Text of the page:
Long-term results require long-term changes. I am not a big fan of short fad diets that you follow for a few weeks and then go back to eating like you did before. Instead its more effective to think about your new diet and exercise regimen as a plan for life. Now don’t be intimidated!
This doesn’t mean you will eat the same foods for the rest of your life without ever being able to eat junk food. And it doesn’t mean you will have to do the same workout for the rest of your life. Far from it. It just means that you favor small long-term changes over drastic short-term changes that don’t last.
So here are 5 steps to create these lasting changes and make long-term improvements. Implementing these will help you create a complete health and fitness mindset.

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1. Make sustainable changes

I already touched on this but want to explain it a little further. Any changes you make have to be sustainable. This means they can’t be severely restricting or extreme. In my fat loss course, for example, I never recommend calorie deficits larger than 20%.
If you were to cut your calorie in half today you would definitely lose more weight but you would also burn out within a matter of weeks and almost inevitably hate your diet. To reach your goals you want to find ways of eating and exercising that are effective, AND that are compatible with your lifestyle. The best diet is still the one you follow and setting unrealistic goals will just hurt you.
I, for example, love chocolate. So in my diet plan even when I am dieting for weight loss I always include a certain amount of calories that is reserved for a Snickers or KitKat bar. It’s not a lot but it keeps me sane and happy with my diet.

2. A few small changes go a long way

Research shows that trying to make too many changes at once is one of the main reasons why people fail at implementing good eating and exercise habits.
So instead of redesigning your entire diet all at once, and trying crazy diet schemes, you want to begin by making only a few small changes. Seeing how small changes lead to results will motivate you to keep going and tackling bigger tasks in the future. They add to big results, and such successes make it easier for you to increase your efforts.
Some of my students start by only doing a few push-ups a day and eating a few more vegetables and fruits and cutting down candy. Nothing big but you’d be amazed of how much better they feel and look after two to three months.

3. Focus on the process rather than the results

Obviously, we all want to see results fast. This is normal and if you stick to what this course teaches you will see them. But especially beginners are often eager to see results within weeks or even days.
To not lose motivation early I recommend you focus on the process rather than the results at first. Doing this will keep you moving forward and you will actually get satisfaction out of following the processes.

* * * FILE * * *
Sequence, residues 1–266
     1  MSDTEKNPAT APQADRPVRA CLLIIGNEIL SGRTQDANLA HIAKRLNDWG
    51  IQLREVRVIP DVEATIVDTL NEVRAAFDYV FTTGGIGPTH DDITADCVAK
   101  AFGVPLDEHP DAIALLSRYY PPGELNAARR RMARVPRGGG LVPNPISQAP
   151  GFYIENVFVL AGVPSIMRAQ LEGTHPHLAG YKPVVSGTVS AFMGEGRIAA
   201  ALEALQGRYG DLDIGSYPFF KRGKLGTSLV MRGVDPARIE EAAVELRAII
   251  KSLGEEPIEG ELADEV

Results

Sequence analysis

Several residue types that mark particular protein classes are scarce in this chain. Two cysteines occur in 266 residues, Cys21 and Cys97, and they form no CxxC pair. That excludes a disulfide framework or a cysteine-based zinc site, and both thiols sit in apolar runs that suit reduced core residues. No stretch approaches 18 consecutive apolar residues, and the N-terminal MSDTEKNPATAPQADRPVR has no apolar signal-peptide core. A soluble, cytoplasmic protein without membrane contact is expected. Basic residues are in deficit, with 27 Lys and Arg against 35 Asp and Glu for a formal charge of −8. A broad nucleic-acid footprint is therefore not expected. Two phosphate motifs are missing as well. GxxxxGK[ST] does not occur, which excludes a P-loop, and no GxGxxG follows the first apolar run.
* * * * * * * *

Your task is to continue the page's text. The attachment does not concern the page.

One of the biggest realizations I had was that you can be happy while you are getting fit instead of waiting until you have reached your long-term goal.

4. Accept responsibility and take control of your life

No more excuses! You cannot blame other people and circumstances for your health and physical condition. Playing the victim has never worked as a strategy for improvements. Of course, at some point we all make excuses sometimes even valid ones, but keep in mind that you and only you are responsible for your success.
You have to make your fitness a priority and once you do you will find the time needed for preparing healthy meals and working out. This is when you will see some real progress.

5. Know your „why“

You know HOW you are going get in shape, but what you must also be able to answer is WHY you want to get in shape. This reason needs to be something intrinsic that is based on personal satisfaction, rather than satisfying others.
Most people rely on extrinsic motivations, which have an external reward. For example, you might want to impress your friends by looking better.
This can be a good starting point, but relying on extrinsic motivations to sustain you long term is dangerous. Because if you don’t receive the response you expected, you lose your motivation and quit.
Having a solid „why“ doesn’t require an extrinsic validation because you are doing it for yourself. A simple yet effective intrinsic motivation would be simply taking control of your life and becoming a better person – not in the eyes of others but by your standards.
3 helpful questions to ask yourself when trying to find your “why” are:
– Why do I really want to improve my fitness?
– Why are health and fitness really desirable to me? (how will it improve my life)
– What are the consequences of me not doing it?


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